Our founder Ignatius of Loyola wanted us to call ourselves “friends in the Lord,” as a constant reminder that our being together is the fruit of a strong personal relationship with the Lord, and this makes us “friends” with each other. Hence the term “companions” and Society of Jesus.
In his writings Ignatius never called us “Jesuits.” The term “Jesuit” was already widespread in medieval times to indicate people particularly devoted to the name of Jesus and was used mostly in a derogatory sense. Thus, as early as 1544, our first companions were being scorned or mocked under the name “Jesuits.” This name, short and immediate, started spread even within the Society because, taken seriously, it speaks the truth of what we want to be.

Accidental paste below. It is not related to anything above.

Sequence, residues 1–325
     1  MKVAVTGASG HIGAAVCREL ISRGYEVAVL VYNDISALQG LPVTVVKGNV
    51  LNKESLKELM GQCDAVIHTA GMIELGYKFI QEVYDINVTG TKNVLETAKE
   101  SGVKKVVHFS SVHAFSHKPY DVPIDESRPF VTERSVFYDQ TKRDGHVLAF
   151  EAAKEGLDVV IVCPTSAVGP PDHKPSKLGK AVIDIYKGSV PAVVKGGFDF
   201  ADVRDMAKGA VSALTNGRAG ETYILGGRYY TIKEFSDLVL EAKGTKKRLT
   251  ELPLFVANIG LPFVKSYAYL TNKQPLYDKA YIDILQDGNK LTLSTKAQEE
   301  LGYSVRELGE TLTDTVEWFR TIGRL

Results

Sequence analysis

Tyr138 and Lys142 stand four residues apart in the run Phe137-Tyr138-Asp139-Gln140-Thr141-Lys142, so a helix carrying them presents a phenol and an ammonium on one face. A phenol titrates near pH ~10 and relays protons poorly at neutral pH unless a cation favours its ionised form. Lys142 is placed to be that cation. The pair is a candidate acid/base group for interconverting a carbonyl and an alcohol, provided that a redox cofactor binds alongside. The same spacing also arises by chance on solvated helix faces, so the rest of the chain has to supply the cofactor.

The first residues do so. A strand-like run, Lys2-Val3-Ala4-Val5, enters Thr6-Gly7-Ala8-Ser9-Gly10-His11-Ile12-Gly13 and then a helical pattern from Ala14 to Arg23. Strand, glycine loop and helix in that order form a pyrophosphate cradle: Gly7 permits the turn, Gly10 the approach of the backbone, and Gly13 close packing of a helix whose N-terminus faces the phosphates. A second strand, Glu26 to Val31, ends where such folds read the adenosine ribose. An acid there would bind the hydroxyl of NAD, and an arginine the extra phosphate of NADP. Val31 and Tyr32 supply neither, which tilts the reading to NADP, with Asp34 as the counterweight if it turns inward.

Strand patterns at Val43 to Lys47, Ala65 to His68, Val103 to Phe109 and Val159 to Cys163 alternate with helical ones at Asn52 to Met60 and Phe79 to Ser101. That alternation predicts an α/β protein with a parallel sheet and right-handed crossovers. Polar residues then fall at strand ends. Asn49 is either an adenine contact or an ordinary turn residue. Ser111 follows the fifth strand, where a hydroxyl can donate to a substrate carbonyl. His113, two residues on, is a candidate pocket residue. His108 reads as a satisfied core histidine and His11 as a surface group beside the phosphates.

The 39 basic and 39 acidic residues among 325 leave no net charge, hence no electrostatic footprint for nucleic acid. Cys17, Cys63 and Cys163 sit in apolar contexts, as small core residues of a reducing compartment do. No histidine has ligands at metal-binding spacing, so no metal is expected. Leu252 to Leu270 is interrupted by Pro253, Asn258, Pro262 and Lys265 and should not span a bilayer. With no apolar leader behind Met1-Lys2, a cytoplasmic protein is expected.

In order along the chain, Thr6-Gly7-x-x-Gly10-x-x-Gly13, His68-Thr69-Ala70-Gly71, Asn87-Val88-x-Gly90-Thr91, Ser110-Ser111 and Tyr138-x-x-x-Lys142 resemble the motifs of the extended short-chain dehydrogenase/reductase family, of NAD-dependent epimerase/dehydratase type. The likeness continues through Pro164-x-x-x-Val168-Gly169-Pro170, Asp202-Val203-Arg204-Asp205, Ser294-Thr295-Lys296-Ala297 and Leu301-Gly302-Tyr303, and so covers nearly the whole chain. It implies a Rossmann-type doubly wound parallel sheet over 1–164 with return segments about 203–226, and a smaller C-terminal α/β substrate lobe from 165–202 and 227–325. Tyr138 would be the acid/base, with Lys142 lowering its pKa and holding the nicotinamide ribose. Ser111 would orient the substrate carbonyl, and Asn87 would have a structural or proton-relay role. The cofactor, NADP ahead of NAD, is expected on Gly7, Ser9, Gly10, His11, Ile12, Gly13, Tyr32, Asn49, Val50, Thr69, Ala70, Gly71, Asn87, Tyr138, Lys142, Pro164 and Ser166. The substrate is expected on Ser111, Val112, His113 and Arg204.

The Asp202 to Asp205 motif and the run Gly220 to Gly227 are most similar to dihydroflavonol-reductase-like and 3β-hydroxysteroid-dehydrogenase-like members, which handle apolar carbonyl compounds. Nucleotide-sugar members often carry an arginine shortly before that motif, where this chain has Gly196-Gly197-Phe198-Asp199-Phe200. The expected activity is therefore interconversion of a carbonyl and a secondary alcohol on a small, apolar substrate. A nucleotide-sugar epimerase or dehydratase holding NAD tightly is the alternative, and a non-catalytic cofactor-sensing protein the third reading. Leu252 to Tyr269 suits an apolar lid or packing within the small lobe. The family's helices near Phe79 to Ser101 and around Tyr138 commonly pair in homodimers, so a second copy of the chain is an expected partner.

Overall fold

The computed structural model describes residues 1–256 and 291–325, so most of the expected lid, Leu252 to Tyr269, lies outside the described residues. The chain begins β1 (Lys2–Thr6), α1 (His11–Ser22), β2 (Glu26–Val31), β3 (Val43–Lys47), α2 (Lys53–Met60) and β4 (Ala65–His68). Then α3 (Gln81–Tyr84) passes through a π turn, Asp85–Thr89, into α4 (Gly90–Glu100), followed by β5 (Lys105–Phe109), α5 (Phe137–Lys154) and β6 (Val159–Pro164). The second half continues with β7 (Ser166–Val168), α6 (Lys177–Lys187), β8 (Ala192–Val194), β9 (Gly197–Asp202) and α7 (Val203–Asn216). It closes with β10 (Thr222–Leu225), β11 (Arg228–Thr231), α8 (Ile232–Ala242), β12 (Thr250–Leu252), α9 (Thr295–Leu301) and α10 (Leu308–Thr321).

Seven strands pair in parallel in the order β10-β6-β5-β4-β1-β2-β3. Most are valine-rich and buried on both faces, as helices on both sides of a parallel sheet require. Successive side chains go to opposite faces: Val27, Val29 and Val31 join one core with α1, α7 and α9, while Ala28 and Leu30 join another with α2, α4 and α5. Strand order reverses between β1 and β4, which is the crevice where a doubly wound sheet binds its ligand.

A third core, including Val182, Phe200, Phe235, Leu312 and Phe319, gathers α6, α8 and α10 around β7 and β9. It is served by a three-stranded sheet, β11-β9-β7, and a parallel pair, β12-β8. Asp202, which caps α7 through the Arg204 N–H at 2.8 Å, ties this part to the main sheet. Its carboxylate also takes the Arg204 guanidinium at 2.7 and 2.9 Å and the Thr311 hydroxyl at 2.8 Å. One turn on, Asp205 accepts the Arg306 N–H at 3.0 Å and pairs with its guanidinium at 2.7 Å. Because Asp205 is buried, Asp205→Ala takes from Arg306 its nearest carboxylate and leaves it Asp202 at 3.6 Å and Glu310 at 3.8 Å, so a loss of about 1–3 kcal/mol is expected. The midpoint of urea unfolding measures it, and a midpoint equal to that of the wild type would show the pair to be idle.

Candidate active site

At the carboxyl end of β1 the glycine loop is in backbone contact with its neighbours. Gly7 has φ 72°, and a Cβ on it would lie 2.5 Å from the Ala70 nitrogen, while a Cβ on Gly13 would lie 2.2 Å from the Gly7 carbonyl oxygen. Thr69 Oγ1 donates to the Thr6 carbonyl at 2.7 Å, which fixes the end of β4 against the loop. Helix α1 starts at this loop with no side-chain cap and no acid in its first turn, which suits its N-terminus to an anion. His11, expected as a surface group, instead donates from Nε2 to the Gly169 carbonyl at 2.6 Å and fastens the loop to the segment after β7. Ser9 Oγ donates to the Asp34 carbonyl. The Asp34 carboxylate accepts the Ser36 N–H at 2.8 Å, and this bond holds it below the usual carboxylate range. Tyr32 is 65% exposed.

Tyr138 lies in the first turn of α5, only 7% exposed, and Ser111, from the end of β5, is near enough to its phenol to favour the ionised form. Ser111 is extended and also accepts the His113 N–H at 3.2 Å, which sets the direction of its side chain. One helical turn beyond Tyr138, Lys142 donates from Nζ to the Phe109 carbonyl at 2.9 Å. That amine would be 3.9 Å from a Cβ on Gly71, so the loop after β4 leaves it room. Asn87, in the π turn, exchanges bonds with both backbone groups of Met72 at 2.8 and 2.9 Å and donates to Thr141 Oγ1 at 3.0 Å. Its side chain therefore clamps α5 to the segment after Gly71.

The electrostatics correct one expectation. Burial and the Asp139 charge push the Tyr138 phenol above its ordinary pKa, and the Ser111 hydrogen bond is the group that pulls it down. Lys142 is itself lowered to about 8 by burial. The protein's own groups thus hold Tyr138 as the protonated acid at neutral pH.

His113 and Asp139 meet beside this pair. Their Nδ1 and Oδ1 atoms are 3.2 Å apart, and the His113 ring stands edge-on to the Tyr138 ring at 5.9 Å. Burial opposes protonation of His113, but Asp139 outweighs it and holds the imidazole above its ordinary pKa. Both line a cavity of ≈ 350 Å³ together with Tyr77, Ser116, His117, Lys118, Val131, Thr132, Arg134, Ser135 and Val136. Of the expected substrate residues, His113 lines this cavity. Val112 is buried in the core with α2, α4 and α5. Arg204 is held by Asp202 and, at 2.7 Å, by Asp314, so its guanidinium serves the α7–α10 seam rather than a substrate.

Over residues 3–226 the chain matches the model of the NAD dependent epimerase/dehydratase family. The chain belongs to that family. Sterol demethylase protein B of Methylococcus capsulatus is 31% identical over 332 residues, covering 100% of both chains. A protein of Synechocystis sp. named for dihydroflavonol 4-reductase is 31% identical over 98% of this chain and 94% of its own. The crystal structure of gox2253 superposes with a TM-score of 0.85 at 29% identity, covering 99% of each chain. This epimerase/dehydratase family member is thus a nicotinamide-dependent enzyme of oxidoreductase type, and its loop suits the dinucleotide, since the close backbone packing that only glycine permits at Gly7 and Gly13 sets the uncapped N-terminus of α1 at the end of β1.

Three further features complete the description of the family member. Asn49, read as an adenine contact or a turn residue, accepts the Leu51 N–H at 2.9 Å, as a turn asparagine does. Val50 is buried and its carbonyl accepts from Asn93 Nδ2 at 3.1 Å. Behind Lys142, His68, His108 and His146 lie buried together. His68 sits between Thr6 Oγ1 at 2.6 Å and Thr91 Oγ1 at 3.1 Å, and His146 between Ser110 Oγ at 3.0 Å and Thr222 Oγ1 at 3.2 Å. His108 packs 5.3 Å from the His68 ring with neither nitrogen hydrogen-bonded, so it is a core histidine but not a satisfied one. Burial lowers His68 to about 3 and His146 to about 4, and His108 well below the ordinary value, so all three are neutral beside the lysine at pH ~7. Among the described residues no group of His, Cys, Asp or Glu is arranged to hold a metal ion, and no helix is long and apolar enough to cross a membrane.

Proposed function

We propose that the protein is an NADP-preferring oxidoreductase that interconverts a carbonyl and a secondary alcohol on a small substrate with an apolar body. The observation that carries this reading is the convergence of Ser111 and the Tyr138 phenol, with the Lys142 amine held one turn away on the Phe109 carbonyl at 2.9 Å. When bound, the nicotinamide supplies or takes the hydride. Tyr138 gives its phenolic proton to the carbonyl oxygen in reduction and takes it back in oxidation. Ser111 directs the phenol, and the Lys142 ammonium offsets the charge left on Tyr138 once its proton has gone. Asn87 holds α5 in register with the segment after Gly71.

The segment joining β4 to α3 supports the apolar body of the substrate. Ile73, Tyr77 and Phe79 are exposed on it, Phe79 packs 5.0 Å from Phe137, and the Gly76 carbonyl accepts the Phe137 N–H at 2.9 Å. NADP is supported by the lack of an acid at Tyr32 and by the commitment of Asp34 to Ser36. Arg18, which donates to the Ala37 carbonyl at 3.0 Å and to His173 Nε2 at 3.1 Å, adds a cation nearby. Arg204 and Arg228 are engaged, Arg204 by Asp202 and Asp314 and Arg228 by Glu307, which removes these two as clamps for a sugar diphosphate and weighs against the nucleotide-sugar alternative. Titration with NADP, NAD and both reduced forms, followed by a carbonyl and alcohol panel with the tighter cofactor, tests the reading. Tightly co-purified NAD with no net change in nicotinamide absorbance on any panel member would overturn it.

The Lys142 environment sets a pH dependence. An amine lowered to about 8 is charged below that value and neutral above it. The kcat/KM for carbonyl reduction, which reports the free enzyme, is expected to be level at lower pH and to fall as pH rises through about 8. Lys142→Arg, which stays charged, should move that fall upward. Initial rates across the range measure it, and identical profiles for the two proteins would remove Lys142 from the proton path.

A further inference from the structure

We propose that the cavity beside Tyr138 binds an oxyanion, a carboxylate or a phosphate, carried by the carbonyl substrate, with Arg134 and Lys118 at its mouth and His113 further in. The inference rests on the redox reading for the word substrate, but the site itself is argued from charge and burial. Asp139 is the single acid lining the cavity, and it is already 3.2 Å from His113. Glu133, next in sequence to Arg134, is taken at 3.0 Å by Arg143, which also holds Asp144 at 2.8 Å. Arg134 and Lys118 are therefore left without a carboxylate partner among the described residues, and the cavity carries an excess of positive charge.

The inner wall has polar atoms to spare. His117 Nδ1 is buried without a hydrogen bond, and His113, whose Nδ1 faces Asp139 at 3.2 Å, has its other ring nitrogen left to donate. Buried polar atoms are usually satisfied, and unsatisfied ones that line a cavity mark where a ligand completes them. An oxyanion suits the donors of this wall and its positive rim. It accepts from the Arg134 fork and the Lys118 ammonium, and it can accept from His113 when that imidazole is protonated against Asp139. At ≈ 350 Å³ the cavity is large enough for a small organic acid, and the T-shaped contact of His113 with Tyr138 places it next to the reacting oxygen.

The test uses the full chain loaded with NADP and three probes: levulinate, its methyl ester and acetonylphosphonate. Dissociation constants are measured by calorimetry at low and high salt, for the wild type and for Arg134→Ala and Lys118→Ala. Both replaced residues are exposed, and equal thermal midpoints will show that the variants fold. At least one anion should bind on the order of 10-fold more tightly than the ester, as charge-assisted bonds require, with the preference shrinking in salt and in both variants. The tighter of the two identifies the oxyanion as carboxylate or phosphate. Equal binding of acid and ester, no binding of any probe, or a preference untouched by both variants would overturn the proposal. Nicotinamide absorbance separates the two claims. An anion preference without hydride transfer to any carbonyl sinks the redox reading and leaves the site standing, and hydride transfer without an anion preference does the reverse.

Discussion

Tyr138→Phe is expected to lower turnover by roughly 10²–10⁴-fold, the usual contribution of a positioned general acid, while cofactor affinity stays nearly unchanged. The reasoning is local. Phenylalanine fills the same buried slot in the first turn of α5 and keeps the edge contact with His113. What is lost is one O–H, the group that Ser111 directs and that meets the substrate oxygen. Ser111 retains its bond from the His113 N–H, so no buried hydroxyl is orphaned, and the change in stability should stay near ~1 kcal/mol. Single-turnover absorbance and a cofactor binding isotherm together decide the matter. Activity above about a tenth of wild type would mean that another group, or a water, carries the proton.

Over the centuries, the term has been colored with negative undertones, becoming synonymous with “false” and “hypocritical,” because a flourishing anti-Jesuit literature portrayed us as willing to do anything to reach positions of power. The Jesuit missionary Matteo Ricci, in fact, used as an apostolic strategy to ingratiate himself with local rulers, perhaps with surprising gifts from Europe that aroused curiosity and attracted attention. But its ultimate goal was not to gain power, but to evangelize and ensure a social structure that would allow Christianity to take root and develop.